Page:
It has been said that you should start a story as close to the action, or impending event that effects your MC, as possible. This isn't it. I'm sure there is something more compelling for your character to leave his current life behind than sheer boredom.

What is the straw that broke the camels back? An embarrassment at court, an arranged marriage to avoid?

Boredom, as the life changing event, that the first thirteen focus on, only begets boredom.


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mythique890
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To be completely honest, I stopped reading and started skimming after about three lines, BUT that could be because I have a weirdly strong aversion to books written in present tense. If you're just using it to contrast the opening of the story from the rest, that's one thing, but if you were to write the entire thing this way I wouldn't be able to read it.
The other reason I stopped really reading it was because sentence structure. Here’s what I suggest:

The sun shines brightly over a large city bustling with life; a young man sits watching from the second story window of the castle, and he can see the people walking through the streets (1)just at the end of the gate. He sits, his head resting on his crossed arms as he slouches over his desk, watching (2)the carefree people live their lives. Even for a prince, Christopher Fitter wishes he had been born under different circumstances. Hopes of adventure and grand discovery plague his mind, and he wonders if he’ll ever see anything but the castle walls from their backs and just the city streets. Sitting up, he runs his hand through his blonde hair (3)coming down just to his shoulders. Staring out blankly in envy (4)of such a lifestyle he makes a sour face. He looks at the paper he had been laying on and he reads its contents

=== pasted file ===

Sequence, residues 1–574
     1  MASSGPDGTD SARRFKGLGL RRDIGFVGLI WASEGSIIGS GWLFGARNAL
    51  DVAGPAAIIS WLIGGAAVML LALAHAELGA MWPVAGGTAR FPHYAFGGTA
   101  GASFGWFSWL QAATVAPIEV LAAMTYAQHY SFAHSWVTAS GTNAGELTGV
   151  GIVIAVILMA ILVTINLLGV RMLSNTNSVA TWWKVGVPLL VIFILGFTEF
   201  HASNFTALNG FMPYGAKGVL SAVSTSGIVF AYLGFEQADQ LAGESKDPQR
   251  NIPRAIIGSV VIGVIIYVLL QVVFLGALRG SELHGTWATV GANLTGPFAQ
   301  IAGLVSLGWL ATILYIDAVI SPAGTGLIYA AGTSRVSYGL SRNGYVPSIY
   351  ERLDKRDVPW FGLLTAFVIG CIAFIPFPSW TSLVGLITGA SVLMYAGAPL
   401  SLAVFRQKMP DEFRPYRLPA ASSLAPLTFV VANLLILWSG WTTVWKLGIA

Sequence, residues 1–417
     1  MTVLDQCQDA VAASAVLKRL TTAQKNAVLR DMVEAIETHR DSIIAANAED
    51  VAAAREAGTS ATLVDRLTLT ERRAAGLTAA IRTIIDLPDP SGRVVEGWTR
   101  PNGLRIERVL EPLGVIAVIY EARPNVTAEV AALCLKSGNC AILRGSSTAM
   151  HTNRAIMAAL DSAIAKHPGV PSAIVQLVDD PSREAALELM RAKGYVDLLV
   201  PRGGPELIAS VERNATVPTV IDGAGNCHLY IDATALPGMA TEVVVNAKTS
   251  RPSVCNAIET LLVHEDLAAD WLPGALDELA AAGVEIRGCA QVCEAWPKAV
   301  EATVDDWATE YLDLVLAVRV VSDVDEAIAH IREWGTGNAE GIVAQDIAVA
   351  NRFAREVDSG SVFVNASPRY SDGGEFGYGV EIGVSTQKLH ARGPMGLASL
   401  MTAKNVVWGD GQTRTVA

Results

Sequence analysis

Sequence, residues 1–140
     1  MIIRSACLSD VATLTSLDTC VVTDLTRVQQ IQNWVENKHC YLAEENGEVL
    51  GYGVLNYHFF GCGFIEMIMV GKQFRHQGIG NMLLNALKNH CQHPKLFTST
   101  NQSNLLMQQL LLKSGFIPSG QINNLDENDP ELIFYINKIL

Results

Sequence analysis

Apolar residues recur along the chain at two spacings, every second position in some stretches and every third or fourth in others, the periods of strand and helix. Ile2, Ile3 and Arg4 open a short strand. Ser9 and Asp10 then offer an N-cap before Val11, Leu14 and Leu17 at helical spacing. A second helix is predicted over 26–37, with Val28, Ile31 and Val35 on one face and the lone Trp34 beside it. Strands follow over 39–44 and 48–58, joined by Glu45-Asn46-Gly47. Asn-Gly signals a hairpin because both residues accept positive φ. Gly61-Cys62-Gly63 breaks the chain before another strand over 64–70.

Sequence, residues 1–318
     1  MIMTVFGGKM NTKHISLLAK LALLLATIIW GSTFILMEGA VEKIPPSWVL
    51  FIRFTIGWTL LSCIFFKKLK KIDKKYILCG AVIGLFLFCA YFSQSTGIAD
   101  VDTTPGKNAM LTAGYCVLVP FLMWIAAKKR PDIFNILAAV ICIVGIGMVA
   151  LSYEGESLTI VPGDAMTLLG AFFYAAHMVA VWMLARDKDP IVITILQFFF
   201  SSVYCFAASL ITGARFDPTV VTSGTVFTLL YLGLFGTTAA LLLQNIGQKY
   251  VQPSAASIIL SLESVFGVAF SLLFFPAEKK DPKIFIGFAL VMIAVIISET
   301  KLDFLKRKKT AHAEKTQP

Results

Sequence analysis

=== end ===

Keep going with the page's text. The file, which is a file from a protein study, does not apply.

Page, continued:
1. This seemed strange to me because I would consider gates (mathematically speaking) a point, not a line. Points don’t have an “end.” So are the people down towards the end of the city wall by the gate, or is this gate exceptionally long?
2. The word “carefree” seems melodramatic to me, like this poor-little-rich prince is just languishing because he can’t do anything. It makes him seem kind of sheltered and whiney, too, because obviously he has a better life than the common people, and he should know that.
3. This phrase doesn’t fit here. I think it should be cut. It’s ok to say his hair is blonde, but anything else about it isn’t important enough to include in your first 13.
4. The wording here is awkward, and it’s been such a long time since you talked about the people he’s watching it takes a minute to reconnect with what he’s thinking. Maybe something like, “Staring out, envious of the unencumbered life of the common people below him, he makes a sour face.”

The other things I changed mostly had to do with tense. The way it read felt completely disconnected to me, like the distance between me and the prince grew with every sentence.